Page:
The more I worked on this particular index, the less happy I was with it. So I sent off my massive list of corrections to the editorial staff: page after page of remarks like, “Why are some subjects indexed ‘third grade,’ ‘seventh grade,” etc., while others are indexed ‘elementary’ and ‘middle’ and still others ‘grammar’ and ‘logic stage’? Why is there an entry for Japanese literature, but no other kind of literature? Why isn’t CLEP indexed along with the other college prep tests?” And so on. I also appended my opinion that the index, as a whole, was less than stellar.
Back comes an email from the editorial staff, who forwarded my corrections to the indexer: The indexer would like to point out that the index was based on the second edition’s index, and that I didn’t raise any of these concerns when THAT index was sent along to me for proofing. So my remark that the indexing was substandard should have been made five years ago.
I have absolutely no memory of proofing that index. Did I read it and like it the first time around? Why did I pass it last time and hate it this time? (Did I even get AROUND to reading it for the last edition? Surely I did….)
Anyway: No thorough job of proofreading goes unpunished. The editorial staff also pointed out to me that there was no time left to make the changes, so if I wanted to make them, I’d have to type them into the index myself.
So I did, red-faced. Ah, well; making a fool of yourself is good for the soul (I think).
This may be the wrong thing to say at the moment but, in the year+ that I’ve had the 2nd edition, I’ve never even glanced at the index. The table of contents is enough for me.
I appreciate a good index, but have never thought what a chore it must be to write one, and even more so, to edit one. Thank you!
Iit’s like peeking into an invisible universe to hear about the diplomacy of working with editors. I’ll bet they appreciate the vindication.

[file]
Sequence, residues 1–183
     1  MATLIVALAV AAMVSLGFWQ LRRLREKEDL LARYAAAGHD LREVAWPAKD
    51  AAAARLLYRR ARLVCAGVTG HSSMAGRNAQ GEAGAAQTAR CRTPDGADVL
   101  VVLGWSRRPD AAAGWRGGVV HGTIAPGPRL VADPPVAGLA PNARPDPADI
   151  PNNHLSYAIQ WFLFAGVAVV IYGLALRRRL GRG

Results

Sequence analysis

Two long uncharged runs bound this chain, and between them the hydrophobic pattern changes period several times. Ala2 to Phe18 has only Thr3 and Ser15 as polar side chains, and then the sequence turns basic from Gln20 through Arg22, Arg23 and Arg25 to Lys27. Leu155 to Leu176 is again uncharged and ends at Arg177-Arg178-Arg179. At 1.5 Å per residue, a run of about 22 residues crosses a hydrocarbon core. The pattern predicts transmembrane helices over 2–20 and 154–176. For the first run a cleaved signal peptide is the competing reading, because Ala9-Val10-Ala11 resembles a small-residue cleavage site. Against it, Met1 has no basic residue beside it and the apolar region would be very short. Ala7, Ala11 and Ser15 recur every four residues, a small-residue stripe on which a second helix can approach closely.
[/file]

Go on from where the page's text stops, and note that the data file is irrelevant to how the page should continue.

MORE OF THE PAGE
I’d think that some of that indexing skill was attained between editions 2 and 3 of the WTM….
For me, a good index is worth its weight in gold. German books don’t really do the index thing, not like how we do it. And when it’s not there, it’s sorely missed.
Every time I successfully use the new index, I will rise up and call you blessed. 🙂
I -very briefly- edited an index for a scholarly book. And being an index user appreciate the effort. Thank you!
About the memory thing – I think it’s that you’re 40. I’ve spent the last year being 40 and I am starting to panic that I am not remembering things from the recent past (like 20 years) as well as I used to. I think you’ll get used to (or maybe not) being red-faced and having to retract things or just bear through them. And kudos to you for being able to admit it out here in public! LOL
About the index – I like the index in WTM – it has been very helpful to me. Any improvements would be a bonus.
I just started reading The Art of the Public Grovel – am really enjoying your objective look at all those situations!!!! Thank you!
Wow. I promise I will use the index, give thanks for the index, see beauty and order in the index.
Does that help?
I remember when I thought writing was glamorous.
There’s a common gripe around Oxford that any book with a bad index is not a book worth buying. There are an awful lot of good books in the Bodleian with incredibly awful indexes, and I find myself on the side of the ‘good index = very important’ side. Let me applaud your efforts. And echo the comment that perhaps those of us in the index appreciation society are there because we are indeed over 40 and already have too much stuff stored in the grey matter… and need help!
Bless your indexing industry!!!!
(And fwiw, definitely worth hiring a professional indexer…!)
With your schedule, when do you find time to sleep?